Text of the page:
How does a lithium battery work?

Knowing how a lithium battery works is something important today, since these batteries have invaded all kinds of devices, from laptops to mobile devices, including many other technology gadgets. That is why we are going to dedicate this article to studying how they work.

What is a battery?

An electric battery, also known as a battery or electric accumulator, is a device made up of electrochemical cells that have the capacity to convert the chemical energy contained inside into electrical energy. In this way, batteries produce direct current and are used to supply power to various electrical circuits, depending on their size and power.

The charging capacity of a battery is determined by the nature of its composition and is measured in amp-hours (Ah) or watt-hours (Wh), indicating the amount of current it can deliver for one continuous hour. The higher the charging capacity, the more current it can store inside.

Batteries consist of chemical cells that have a positive and a negative pole. The basic principle of a battery is based on the oxidation-reduction (redox) reactions of certain chemical substances, where one of them loses electrons (oxidizes), while the other gains them (reduces). These substances can return to their initial state by applying electricity (charge) or closing the circuit (discharge), provided the necessary conditions are met.

The short life span of most commercial batteries makes them a potent pollutant to water and soil. Once they have completed their life cycle, they cannot be recharged or reused and are thrown away. After their metal casing oxidizes, batteries release their chemical content into the environment, altering their composition and pH.

They have a positive pole called the cathode and a negative pole called the anode. In addition, they have electrolytes that allow the flow of electrical current to the outside. These cells convert chemical energy into electrical energy through a reversible or irreversible process, depending on the type of battery. Once this process is complete, the battery exhausts its ability to receive power. There are two types of cells that are distinguished:

  • Primary (non-rechargeable): After the reaction occurs, they cannot return to their original state and exhaust their ability to store electrical current.
  • Secondary (rechargeable): They can receive a charge of electrical energy to restore their original chemical composition and can be used multiple times before being completely depleted.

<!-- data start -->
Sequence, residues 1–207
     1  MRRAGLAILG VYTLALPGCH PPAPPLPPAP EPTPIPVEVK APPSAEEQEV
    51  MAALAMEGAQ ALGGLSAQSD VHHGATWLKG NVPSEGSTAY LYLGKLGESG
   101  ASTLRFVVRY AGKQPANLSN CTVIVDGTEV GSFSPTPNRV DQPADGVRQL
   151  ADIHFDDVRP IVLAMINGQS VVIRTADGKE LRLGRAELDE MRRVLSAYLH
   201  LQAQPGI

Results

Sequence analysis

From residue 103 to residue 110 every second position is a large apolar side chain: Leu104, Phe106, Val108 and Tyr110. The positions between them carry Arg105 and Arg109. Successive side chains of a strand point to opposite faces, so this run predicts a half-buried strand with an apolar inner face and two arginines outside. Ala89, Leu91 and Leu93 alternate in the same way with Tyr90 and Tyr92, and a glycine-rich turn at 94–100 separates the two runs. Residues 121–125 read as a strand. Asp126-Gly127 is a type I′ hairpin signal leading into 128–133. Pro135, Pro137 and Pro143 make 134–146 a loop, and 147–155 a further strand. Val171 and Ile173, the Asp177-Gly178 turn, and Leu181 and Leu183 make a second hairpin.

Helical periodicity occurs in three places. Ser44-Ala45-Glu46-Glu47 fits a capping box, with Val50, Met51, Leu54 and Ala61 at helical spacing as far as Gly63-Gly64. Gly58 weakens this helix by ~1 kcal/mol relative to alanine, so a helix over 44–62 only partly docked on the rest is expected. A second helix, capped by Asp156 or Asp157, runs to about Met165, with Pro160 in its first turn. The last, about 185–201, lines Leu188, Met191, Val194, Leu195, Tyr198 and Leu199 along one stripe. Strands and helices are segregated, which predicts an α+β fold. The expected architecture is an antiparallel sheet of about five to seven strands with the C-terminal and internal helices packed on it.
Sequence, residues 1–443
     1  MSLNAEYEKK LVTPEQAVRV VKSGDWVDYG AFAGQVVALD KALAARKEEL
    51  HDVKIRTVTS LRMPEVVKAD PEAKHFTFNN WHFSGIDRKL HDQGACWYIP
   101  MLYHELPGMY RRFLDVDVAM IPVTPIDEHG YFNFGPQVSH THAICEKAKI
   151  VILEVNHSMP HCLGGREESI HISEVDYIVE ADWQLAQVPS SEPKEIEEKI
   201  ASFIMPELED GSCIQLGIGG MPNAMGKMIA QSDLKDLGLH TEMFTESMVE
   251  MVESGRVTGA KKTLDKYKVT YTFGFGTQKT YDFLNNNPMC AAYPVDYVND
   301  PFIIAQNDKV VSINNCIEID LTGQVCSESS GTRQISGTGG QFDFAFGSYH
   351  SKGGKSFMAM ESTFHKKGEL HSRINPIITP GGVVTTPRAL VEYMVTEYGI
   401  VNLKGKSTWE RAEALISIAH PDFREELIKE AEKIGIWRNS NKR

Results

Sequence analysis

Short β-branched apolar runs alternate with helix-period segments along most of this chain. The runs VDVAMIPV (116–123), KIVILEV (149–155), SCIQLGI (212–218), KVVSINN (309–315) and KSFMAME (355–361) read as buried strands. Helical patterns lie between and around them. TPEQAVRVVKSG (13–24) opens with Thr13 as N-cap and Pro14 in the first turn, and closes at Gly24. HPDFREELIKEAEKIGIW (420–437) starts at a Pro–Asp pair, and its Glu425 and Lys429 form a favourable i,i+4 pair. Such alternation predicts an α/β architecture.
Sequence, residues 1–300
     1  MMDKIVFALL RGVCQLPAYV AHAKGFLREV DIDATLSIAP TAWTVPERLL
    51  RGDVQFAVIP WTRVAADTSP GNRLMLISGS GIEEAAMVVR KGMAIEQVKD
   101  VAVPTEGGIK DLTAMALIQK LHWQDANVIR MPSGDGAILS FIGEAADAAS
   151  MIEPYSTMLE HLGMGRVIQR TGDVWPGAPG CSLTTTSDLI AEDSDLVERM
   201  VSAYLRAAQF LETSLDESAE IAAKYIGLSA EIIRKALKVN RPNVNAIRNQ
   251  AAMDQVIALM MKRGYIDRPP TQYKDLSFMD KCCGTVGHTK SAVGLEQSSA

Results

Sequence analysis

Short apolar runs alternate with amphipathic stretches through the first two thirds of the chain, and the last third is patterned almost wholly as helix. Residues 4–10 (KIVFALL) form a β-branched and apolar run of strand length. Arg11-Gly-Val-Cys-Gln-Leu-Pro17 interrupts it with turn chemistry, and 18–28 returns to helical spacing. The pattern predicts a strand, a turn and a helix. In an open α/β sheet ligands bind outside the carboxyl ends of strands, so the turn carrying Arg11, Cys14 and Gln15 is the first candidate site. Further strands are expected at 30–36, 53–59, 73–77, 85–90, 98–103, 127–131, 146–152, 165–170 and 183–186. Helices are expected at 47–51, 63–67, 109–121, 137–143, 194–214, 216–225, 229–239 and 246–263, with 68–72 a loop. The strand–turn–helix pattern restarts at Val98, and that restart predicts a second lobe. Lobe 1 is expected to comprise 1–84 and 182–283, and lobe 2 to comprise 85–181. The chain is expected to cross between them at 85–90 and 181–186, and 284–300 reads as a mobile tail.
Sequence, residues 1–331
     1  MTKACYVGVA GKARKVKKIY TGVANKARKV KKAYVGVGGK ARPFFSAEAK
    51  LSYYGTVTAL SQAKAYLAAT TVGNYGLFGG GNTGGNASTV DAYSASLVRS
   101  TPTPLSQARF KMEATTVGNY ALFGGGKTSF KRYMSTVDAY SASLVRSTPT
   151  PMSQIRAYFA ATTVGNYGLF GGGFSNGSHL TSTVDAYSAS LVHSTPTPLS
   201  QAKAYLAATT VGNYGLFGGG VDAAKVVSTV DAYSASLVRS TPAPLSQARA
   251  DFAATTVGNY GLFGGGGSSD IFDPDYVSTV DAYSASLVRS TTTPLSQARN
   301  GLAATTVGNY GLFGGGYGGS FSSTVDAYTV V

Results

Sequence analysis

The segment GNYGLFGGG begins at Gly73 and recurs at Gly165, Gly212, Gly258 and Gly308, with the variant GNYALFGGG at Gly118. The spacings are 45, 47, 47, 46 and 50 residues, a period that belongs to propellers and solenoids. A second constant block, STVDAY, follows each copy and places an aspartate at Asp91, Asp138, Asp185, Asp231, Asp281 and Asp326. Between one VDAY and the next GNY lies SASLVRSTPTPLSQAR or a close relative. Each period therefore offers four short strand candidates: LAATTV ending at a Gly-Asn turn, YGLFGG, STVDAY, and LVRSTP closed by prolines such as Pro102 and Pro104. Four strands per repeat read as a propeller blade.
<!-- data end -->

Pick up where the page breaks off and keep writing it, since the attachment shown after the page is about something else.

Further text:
Types of lithium batteries

Within the types of lithium batteries, we find two fundamental ones:

  • Li-Ion: Lithium-ion batteries are the most common. They are composed of lithium electrodes interspersed with a structure of crystalline material, using a liquid or solid electrolyte to facilitate the movement of lithium ions between the electrodes. They tend to be very durable in terms of charge and discharge cycles.
  • Li-Po: They are lithium polymer batteries. They use lithium electrodes and a polymeric electrolyte. This makes them safer against liquid spills and they also tend to have a higher density than Li-Ion batteries. However, they may have a shorter life cycle in terms of charge and discharge cycles.

What are the parts of a lithium battery?

A lithium battery is mainly made up of four fundamental parts:

Cathode (+): This space is where lithium is found, usually in the form of an oxide. This is known as active material. Looking closely at the cathode, one sees a thin aluminum foil that functions as a support structure for the cathode, coated with a compound containing the active material, a conductive additive, and a binder. The active material contains lithium ions, the conductive additive is incorporated to improve conductivity, and the binder acts as an adhesive, ensuring proper adhesion of the active material and conductive additive to the aluminum substrate. The cathode plays a crucial role in determining the characteristics of the battery, including its capacity and voltage, which are determined by the type of active material used in the cathode. A higher amount of lithium corresponds to a higher capacity, while a higher potential difference between the cathode and anode results in a higher voltage.